Learn about 5 best citrus trees for containers as Growing Citrus in Pots is not difficult due to their small height and low maintenance!. Citrus trees are without a doubt container gardener’s most favorite fruit trees. Oranges, lemons, tangerines, there are a lot of varieties to choose from.
Learn how to grow citrus trees in containers. Indoors and outdoors. Even in Minnesota! Over 25 dwarf and semi-dwarf varieties of oranges, mandarins, limes, lemons, kumquats, and hybrids in pots. Collection shown with images and information on citrus care.
Regular limes and lemons are the hardest citrus to grow, with oranges and grapefruit coming next, but as you can see, there are lots of choices for easier trees to start a collection of citrus growing in pots. Remember that growing a citrus from seed is about as successful as buying a lottery ticket.
7. Citrus trees are heavy feeders and need regular fertilizer – Remember that this tree is dependent on you for nutrients (and water) — its roots can’t go looking for other sources if you do not supply what it needs. The more frequent watering that is required for citrus in containers causes fertilizer to wash through soil more quickly.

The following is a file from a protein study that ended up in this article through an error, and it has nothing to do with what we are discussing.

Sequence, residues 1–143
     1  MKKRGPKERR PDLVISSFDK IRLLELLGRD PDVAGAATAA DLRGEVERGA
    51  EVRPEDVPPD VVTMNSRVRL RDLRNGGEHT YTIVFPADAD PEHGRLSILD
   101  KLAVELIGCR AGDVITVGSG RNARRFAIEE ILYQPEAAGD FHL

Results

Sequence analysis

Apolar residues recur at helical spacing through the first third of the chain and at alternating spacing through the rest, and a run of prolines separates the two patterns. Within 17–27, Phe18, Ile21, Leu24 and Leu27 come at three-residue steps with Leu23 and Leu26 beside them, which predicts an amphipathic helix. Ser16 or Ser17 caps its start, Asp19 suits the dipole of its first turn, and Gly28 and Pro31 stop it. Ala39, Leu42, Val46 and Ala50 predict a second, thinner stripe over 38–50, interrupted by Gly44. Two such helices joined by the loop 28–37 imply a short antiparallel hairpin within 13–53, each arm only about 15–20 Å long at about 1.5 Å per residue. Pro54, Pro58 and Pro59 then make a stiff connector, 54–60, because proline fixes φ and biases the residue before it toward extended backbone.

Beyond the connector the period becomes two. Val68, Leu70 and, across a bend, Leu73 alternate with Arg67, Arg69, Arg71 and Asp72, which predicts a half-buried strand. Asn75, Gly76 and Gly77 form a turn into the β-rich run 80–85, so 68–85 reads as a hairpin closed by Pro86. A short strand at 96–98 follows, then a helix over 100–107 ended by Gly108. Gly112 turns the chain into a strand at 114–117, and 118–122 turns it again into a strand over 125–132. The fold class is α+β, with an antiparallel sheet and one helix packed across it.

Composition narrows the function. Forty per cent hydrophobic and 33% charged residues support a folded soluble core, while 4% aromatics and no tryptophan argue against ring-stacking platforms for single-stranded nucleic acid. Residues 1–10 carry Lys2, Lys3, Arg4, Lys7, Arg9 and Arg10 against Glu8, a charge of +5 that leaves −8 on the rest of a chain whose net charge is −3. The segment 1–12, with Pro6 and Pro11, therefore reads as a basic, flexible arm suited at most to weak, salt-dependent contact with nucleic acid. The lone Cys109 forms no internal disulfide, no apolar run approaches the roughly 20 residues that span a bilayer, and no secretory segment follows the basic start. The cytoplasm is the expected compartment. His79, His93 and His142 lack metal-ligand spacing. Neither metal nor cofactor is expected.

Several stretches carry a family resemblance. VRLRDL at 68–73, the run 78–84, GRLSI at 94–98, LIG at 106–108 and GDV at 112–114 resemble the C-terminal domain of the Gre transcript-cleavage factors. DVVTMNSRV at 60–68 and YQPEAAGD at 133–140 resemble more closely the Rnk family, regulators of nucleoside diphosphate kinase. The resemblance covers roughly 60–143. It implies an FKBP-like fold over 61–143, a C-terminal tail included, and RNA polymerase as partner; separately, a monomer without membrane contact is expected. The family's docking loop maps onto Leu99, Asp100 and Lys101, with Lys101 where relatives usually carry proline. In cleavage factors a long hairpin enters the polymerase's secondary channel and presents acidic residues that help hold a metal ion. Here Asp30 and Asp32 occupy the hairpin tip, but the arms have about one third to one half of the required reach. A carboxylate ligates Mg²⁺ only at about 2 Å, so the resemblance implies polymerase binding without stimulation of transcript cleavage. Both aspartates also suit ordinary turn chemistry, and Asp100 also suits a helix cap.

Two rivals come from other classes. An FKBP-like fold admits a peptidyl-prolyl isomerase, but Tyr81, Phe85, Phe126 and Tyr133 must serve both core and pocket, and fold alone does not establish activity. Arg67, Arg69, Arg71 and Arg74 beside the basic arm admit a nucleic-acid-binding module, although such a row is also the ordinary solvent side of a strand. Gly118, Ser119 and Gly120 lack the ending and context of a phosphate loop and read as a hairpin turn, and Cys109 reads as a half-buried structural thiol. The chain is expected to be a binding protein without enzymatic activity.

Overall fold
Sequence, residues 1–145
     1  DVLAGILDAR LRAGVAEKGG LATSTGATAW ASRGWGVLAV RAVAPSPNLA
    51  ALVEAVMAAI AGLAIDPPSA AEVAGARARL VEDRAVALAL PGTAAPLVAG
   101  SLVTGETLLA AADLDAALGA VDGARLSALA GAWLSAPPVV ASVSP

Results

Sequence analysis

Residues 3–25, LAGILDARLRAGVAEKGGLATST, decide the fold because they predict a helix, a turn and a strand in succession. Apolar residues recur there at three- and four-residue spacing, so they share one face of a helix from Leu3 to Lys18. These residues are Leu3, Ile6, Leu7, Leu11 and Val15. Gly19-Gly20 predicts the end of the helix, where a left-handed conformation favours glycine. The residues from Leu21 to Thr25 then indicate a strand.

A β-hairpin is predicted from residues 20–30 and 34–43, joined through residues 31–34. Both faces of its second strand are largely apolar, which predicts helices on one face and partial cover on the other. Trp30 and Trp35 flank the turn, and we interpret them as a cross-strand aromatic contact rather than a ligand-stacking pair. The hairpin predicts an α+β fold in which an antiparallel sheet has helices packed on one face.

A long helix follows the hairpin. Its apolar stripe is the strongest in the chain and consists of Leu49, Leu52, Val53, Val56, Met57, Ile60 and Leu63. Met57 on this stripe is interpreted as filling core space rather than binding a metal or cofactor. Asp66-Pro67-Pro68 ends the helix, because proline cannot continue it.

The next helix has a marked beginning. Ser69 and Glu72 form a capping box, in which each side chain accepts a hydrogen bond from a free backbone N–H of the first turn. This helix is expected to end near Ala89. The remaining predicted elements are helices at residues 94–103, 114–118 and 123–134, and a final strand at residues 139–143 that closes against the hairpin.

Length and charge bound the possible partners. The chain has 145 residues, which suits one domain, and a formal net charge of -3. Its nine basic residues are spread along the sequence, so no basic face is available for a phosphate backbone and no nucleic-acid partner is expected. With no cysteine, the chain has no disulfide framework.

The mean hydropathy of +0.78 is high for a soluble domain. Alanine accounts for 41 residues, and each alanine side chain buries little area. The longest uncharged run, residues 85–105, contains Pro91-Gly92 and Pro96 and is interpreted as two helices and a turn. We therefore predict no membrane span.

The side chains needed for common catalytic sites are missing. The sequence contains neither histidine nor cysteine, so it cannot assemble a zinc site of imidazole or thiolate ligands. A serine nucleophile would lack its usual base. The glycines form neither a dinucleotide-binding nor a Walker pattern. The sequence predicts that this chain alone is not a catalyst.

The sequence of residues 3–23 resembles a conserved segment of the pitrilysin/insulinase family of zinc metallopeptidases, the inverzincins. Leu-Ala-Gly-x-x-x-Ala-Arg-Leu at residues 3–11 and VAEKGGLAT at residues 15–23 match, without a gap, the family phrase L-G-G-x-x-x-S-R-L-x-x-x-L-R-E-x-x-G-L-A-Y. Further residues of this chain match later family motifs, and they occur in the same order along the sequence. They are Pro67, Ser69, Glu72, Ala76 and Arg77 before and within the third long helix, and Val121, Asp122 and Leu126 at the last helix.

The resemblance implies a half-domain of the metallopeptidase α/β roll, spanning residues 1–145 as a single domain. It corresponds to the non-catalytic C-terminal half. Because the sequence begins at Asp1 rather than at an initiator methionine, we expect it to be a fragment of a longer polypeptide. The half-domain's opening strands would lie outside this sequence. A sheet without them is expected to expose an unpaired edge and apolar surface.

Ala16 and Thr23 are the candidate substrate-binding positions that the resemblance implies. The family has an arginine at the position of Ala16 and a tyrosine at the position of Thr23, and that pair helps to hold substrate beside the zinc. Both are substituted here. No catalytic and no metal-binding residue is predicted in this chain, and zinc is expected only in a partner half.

You don't have to reside in the Sunbelt to grow citrus. Dwarf varieties are well-suited to containers, allowing gardeners everywhere to enjoy the benefits of homegrown citrus trees, including glossy evergreen foliage, intoxicating floral fragrance and the ultimate payoff: plucking fresh fruit from your tree.
Growing citrus trees in the ground can be immensely rewarding, and it naturally produces the biggest and most vigorous specimens. However, before planting a citrus tree in the ground, you must determine whether or not the location you have in mind will provide a suitable home for your new dwarf citrus tree.
To grow indoors, a pebble tray for extra humidity and perhaps a grow lamp for extra light; If you live in the mild-winter West, Southwest, or Southeast, you can grow most kinds of citrus in container outdoors year-round. Where winter minimum temperatures regularly dip below 25oF, you can still grow citrus trees if you have a bright spot indoors ...
Place bare root trees in the container, gently packing in soil around the roots to remove air spaces. Plant so the citrus roots are just below the soil surface, but the crown is just above it. If transplanting an existing citrus tree into a larger container, remove the old tree and examine the roots.
Standard citrus trees grow too big for indoors, but dwarf varieties are grafted onto special roots that limit their size and speed up fruiting. Growing them in containers keeps them smaller, too. If you're new to growing citrus, start with dwarf types known to flourish and fruit well indoors.